It is no surprise that the crypto industry is going through a rough patch. Despite traders accumulating millions of digital assets including Bitcoin and Ether, there is an increasing apprehension in the market. Most flagship cryptos have had their prices slashed from the onset of 2022 with the crypto market down by 19%.
According to data from FactSet, stocks of publicly traded, crypto-focused companies, however, are doing worse, falling by 60% so far this year.
How bad is it?
A large portion of exchange income is based on transaction fees. Hence, it has been difficult for exchanges to flourish despite increasing interest in crypto ecosystems.
Take Coinbase for example. Coinbase Global Inc. is the largest listed US crypto exchange, which has gone down by 40% since last year. This represents a disturbing trend for crypto exchanges in the global economy with other crypto stocks on the same track.
Tera Wulf Inc. is another example. It is a Bitcoin mining company based in the US that took a huge tumble as it fell by 61% since last year.
A similar pattern is observed in these stocks – they reached their peaks in November 2021 when the crypto market cap touched the $3 trillion mark. Now with the markets tumbling, crypto stocks are unable to maintain earlier profitability.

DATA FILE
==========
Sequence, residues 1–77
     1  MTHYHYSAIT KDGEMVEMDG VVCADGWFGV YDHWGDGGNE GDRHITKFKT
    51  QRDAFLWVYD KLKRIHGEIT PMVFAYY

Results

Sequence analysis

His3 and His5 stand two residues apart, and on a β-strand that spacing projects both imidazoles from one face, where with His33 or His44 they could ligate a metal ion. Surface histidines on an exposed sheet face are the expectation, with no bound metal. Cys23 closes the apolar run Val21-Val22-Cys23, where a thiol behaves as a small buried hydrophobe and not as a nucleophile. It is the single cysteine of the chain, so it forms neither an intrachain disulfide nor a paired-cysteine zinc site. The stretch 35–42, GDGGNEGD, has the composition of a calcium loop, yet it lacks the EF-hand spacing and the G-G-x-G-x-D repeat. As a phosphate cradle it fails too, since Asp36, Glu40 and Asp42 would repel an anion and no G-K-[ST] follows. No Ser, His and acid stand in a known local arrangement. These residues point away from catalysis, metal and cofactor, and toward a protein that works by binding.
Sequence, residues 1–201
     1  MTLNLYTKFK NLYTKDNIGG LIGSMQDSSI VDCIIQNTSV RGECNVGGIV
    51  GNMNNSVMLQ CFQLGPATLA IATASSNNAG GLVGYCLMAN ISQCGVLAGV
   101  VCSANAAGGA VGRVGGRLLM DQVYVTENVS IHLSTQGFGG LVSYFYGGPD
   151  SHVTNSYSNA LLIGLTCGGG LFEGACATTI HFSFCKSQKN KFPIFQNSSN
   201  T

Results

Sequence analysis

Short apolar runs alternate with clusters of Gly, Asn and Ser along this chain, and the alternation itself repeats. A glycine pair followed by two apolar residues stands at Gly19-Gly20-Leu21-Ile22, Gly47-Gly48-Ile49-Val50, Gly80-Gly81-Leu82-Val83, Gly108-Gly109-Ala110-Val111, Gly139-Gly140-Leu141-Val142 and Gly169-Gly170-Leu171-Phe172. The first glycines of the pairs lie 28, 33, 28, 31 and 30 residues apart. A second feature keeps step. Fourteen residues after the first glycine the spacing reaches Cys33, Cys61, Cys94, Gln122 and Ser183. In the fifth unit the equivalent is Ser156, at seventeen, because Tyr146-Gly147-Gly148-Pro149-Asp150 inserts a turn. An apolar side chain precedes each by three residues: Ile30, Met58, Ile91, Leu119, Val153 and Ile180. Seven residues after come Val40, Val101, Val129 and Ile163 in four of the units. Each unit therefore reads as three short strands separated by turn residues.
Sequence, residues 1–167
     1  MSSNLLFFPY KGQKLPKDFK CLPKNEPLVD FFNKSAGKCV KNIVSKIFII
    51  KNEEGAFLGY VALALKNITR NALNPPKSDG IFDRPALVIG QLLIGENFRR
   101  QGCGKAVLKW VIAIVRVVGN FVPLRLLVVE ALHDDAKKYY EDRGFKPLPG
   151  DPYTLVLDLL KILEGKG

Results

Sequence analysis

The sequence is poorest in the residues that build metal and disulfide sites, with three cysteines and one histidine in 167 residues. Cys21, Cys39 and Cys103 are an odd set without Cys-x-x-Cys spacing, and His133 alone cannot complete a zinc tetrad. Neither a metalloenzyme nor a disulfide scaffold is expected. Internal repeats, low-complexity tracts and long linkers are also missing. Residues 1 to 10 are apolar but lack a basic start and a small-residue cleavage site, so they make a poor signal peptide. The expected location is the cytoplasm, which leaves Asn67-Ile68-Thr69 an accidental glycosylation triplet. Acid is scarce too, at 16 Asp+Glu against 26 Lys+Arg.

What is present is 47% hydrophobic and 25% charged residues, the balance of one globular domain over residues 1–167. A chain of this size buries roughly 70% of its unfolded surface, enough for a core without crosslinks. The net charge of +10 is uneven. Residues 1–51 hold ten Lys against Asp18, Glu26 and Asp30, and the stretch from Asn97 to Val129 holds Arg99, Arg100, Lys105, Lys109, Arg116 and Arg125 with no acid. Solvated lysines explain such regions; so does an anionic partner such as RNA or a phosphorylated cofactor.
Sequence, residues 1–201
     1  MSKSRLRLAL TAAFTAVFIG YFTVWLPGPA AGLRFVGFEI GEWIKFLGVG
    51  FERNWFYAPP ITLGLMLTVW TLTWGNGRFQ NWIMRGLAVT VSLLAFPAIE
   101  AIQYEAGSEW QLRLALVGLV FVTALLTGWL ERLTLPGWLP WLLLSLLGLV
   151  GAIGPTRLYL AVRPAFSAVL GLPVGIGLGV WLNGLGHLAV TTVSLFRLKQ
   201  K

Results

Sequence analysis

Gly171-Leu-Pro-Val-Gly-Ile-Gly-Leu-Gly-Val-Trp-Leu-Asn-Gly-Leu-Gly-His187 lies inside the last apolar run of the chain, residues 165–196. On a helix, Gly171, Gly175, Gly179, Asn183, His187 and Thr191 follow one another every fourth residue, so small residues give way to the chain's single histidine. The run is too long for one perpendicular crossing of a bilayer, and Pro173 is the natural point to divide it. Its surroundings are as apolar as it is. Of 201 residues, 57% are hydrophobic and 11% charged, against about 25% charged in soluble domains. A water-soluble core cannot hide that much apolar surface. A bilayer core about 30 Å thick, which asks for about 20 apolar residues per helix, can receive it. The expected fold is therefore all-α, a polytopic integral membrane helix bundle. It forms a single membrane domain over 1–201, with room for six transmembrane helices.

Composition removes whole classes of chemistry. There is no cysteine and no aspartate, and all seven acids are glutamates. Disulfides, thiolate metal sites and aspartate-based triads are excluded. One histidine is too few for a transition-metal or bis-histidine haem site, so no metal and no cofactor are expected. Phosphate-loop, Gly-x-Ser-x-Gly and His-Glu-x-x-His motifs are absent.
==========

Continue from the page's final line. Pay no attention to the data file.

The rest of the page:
What do the experts say?
According to JP Morgan analysts, the combined market capitalization of crypto companies that trade publicly has fallen roughly to $60 billion from $100 billion in the dip since November 2021.
Nicole Colas, co-founder of DataTrek, a research firm, says,
“The divergence between cryptocurrencies and cryptocurrency companies shouldn’t be a surprise. There is always some difference between the value of an asset and the companies that build companies around that asset.”
He concluded by saying that assets such as Bitcoin and Ethereum are usually driven by consumer interest and their usage. However, companies such as Coinbase are valued on how they sell these assets to the consumers.
Crypto companies have also taken a hit because of the fintech selloff that began this fall. As per Wall Street Journal, Technology stocks have been slumping since the Federal Reserve and other central banks signaled a rise in interest rates. The higher rates make riskier investments relatively less attractive. Affirm Holdings Inc. is down 63% this year, PayPal Holdings Inc. is off 45% and Lemonade Inc. is down 44%.